The prospect of an IRS audit can cause even the most level-headed attorney to panic. Take a deep breath. The IRS's Audit Technique Guide (ATG) covering attorneys may ease your mind, or at least provide insight into the process.
Auditor Hot Spots
Although the ATG is designed for IRS employees, knowing what auditors look for enables lawyers and law firms to provide the right information and documents and reduce the time and stress of being audited. The ATG highlights several areas of auditor interest, including:
- Unreported Income. Auditors are told how to ferret out unreported income by, for example, determining whether fees withdrawn from client trust accounts were included in income at the proper time. Special attention is given to checks from those accounts that are either cashed or deposited into accounts other than the firm's general operating account.
- Deferred Income. Client trust accounts can also provide evidence of deferred income. After a settlement, an attorney could attempt to defer income by allowing fees to sit in the trust account until the next year. But once a settlement is received, the fee should be included in income. Auditors may analyze the source of funds remaining in the trust account at year end, especially if the account has a large ending balance.
- Noncash Payments. Auditors may examine client ledgers to uncover noncash payments. Verifying the basis of newer assets (for example, partnership interests or stock) can reveal that they were actually payments for services. Auditors could also compare an attorney's work schedule with his or her claimed fees. If the workload has remained steady while the claimed fees from one or more clients have declined, the attorney might be working for noncash payments.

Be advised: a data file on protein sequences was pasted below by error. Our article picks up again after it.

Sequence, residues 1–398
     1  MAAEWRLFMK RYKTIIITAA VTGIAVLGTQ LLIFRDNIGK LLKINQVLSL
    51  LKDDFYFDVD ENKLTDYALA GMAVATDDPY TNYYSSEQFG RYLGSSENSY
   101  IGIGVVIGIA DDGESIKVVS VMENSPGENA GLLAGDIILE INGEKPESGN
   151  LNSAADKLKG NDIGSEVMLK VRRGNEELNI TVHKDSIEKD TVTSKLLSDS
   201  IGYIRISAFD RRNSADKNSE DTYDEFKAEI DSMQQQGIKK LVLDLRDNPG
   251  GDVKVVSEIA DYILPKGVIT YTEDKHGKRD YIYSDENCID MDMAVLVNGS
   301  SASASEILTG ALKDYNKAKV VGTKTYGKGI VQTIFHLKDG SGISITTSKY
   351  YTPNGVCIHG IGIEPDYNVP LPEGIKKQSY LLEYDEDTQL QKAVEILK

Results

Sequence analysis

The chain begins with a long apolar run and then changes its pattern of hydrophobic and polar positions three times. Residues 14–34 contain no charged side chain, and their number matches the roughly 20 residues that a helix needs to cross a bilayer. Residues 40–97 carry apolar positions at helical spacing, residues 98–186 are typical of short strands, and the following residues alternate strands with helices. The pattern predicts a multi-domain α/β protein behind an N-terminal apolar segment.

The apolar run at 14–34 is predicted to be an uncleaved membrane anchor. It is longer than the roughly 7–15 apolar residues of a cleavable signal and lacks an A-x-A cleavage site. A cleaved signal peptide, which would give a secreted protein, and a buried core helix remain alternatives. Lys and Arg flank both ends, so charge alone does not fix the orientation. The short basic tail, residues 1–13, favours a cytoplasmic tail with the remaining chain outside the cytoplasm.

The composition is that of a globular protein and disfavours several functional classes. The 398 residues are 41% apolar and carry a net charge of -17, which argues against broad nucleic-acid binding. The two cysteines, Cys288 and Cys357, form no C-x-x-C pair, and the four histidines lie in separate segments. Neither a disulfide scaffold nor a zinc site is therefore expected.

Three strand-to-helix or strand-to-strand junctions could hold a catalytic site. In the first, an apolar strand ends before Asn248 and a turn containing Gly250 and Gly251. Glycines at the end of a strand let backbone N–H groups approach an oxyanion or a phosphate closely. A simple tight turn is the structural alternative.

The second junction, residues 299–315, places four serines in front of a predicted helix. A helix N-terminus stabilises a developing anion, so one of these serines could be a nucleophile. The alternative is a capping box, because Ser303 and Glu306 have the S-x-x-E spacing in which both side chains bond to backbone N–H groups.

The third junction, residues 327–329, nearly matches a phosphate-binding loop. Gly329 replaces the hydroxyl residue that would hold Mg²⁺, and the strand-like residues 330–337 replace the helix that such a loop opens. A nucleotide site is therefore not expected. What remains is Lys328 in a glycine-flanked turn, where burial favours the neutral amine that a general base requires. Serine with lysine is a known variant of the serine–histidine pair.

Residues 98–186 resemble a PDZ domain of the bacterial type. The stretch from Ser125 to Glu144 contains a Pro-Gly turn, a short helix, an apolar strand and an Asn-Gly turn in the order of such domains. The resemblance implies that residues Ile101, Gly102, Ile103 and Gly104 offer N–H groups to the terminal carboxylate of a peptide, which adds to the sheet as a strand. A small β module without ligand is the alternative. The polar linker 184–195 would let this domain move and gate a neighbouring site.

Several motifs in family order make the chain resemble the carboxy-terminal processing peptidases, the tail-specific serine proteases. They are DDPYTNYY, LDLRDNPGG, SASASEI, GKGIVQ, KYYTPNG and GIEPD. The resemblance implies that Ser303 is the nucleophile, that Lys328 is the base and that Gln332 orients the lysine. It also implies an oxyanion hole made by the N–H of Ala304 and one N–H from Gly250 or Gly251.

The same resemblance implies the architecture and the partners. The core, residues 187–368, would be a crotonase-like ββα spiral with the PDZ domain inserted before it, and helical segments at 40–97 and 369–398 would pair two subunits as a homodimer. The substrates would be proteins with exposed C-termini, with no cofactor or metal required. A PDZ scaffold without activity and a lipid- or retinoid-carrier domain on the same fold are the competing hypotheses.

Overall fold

- Expenses. Auditors closely scrutinize entertainment expenses to determine whether there was little or no possibility of engaging in the active conduct of business due to "substantial distractions." For example, meetings that occur at nightclubs, theatres, sporting events, cocktail parties or social gatherings are looked at carefully. Auditors also consider whether claimed expenses are simply "disguised hobbies" or other personal expenses.
Good Accounting Helps
As you might have guessed from the ATG's areas of focus, sound accounting practices and an ethical firm culture can minimize the pain of being selected for an audit. As the ATG states, "A good accounting system for attorneys will include strong internal controls to monitor both fees billed and costs and expenses advanced for clients."
Consider implementing policies and processes that reflect IRS expectations. For example, your firm should:
- Require preapproval of expenses over a certain amount or of particular types (such as sporting event or nightclub bills);
- Establish clear policies about which expenses are charged to the firm and which to clients;
- Restrict the use of firm credit cards;
- Require thorough documentation of meal and entertainment expenses; and
- Maintain up-to-date cash receipts, cash disbursement and time records.
Perhaps the best way to increase your odds of smooth sailing is to regularly perform your own audits (or ask an outside professional to perform them). Self-audits often catch errors or fraudulent activities before the IRS gets a chance to find them.
Use the ATG Proactively
If you receive a letter from the IRS announcing an audit, your first call should be to your accountant. However, do not wait until you are audited. Your CPA can help you use the IRS's guide proactively to identify (and remedy) gaps in your policies, processes and records.
The content of this article is intended to provide a general guide to the subject matter. Specialist advice should be sought about your specific circumstances.